COVID-19 era highlights US ‘black hole’ compensation fund for pandemic vaccine injuries

(Reuters) – A US government program that compensates those who say they have been harmed by an emergency vaccine has paid less than 10% of claims, raising questions about whether the process used coronovirus shots This should be done to remove any possible side effects. According to some lawyers, who have filed such claims.

FILE PHOTO: In this illustration taken on April 10, 2020, a woman holds a small bottle labeled with a “Vaccine Cod-19” sticker and a medical syringe. REUTERS / Dado Ruvic / Illustration / File Photo

The Countermeasures Injury Compensation Program (CICP), operated by an agency under the US Department of Health and Human Services (HHS), is designated to handle any issues with the COVID-19 vaccine.

Lawyers say the program is insufficient to address the fast-paced coronovirus vaccine

They state that any COVID-19 vaccine injuries should be controlled through a separate HHS program known as the “Vaccine Court” for people with rare injuries or routine inoculations for serious side effects. Is a more transparent process with better records of compensation, such as measles shots.

The National Vaccine Injury Compensation Program (VICP) claims about 16 regular vaccines recommended by the Centers for Disease Control and Prevention (CDC).

When it comes to addressing any potential pitfalls from the COVID-19 vaccine, America’s approach includes “Peter Meyers, who needs to make major changes”, an emeritus professor at George Washington University School of Law and former vaccine The director said. Injury Litigation Clinic.

Meyers described the CICP as a “black hole” process handled entirely within HHS rather than in a courtroom, without fees for lawyers or expert witnesses, for filing claims and limited participation by the claimant A small window.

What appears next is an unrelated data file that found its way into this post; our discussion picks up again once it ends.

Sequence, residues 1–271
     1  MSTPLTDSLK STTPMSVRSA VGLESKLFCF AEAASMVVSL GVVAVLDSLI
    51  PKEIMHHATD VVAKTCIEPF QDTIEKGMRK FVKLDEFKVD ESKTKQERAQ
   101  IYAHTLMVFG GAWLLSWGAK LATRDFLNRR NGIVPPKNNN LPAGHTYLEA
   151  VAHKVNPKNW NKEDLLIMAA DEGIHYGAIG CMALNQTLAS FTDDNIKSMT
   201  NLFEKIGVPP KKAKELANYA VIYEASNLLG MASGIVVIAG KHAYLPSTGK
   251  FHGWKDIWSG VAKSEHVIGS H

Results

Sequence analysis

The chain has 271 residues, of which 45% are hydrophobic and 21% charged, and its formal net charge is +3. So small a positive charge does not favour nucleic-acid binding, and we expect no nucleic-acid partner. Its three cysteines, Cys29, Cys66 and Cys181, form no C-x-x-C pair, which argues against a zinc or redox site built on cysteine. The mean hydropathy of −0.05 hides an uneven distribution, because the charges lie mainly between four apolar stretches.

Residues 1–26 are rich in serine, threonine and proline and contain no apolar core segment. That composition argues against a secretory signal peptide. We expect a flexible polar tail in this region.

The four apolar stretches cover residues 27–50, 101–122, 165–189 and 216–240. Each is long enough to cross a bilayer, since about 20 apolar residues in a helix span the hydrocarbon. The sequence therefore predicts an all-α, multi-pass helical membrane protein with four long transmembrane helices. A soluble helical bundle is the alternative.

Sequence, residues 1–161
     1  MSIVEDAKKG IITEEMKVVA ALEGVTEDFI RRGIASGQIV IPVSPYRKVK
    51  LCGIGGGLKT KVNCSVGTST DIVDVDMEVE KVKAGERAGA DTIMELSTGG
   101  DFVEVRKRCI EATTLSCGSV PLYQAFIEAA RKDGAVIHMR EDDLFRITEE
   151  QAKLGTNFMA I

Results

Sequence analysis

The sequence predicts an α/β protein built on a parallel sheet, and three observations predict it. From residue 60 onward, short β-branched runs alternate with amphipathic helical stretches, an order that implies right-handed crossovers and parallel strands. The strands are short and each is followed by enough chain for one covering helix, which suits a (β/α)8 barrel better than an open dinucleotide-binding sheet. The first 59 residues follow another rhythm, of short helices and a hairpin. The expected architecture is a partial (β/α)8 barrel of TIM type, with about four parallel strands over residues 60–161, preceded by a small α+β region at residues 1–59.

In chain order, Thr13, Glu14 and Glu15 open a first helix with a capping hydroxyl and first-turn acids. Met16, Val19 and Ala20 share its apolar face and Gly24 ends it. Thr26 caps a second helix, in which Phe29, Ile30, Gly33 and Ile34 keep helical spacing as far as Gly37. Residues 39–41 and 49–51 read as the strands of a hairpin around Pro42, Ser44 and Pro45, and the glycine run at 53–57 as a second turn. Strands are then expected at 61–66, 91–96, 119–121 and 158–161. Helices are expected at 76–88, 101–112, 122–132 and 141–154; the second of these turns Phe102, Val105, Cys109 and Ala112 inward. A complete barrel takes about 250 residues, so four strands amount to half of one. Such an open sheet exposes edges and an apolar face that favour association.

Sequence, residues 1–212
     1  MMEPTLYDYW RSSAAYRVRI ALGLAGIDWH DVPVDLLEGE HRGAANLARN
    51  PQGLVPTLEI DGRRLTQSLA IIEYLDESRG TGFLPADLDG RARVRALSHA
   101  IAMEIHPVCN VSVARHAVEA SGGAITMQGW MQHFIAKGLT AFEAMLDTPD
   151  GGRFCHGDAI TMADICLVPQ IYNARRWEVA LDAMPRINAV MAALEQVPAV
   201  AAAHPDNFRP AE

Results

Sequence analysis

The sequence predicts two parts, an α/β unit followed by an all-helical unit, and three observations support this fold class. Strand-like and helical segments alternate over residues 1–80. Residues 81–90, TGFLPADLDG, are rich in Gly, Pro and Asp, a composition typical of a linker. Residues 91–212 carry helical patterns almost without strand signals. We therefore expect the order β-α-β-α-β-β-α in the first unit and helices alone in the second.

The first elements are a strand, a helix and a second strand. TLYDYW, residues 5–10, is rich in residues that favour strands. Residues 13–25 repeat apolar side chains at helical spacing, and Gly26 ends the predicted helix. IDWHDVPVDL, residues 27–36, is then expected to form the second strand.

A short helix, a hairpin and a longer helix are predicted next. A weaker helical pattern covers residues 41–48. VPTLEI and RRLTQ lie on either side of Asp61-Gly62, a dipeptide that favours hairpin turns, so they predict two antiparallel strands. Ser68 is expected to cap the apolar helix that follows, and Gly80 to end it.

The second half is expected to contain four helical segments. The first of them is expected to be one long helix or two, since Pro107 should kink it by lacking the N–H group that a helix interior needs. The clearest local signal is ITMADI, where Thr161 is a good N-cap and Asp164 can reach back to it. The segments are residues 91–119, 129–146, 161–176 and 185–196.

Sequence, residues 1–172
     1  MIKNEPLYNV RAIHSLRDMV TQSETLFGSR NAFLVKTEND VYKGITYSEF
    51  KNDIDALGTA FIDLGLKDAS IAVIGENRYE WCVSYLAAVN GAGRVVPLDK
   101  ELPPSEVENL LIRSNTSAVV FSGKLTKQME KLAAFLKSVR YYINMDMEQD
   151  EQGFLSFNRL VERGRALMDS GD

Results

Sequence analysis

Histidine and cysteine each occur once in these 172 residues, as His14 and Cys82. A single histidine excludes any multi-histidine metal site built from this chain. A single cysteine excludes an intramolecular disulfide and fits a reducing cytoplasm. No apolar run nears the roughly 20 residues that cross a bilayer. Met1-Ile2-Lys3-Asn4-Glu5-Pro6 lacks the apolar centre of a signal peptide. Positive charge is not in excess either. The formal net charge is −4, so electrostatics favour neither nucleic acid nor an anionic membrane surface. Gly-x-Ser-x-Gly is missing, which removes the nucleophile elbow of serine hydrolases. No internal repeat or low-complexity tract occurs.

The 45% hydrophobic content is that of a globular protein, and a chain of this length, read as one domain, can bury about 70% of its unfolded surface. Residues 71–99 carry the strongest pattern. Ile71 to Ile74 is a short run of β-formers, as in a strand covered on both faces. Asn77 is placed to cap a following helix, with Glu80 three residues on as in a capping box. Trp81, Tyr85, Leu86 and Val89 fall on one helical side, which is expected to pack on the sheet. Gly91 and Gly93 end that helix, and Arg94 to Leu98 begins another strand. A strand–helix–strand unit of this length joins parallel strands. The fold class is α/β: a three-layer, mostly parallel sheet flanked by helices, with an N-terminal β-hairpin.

HHS declined to comment on criticisms of the use of CICP to process potential COVID-19 claims.

Drug manufacturers with modernity (MRNA.O), Pfizer (PFE.N) And AstraZeneca (AZN.L) Are working to deliver a safe and effective vaccine against COVID-19 such as earlier this year, narrowing the years of development to months.

The effort has caused concern among many Americans that millions of people may be vaccinated before a potential threat is fully known.


The US system transfers liability for vaccines to the government, and shields drug manufacturers, as widespread vaccination against the disease is considered an advantage for society.

While billions of vaccine supplements have been administered in the United States over the past 30 years, government data shows that approximately 1 in a million people suffer from a serious injury that compensates for warrants.

Congress gave HHS another $ 30 billion this year to fight COVID-19, including vaccine development and possibly any necessary compensation. A HHS spokesperson said that no claims regarding COVID-19 drugs have been made to the CICP yet and the program has not requested specific funding.

According to the Health Resources and Services Administration (HRSA), the CICP has launched 485 claims since launching a claims review in 2010, of which only 39 people have received compensation of $ 5.7 million, which runs the program for HHS .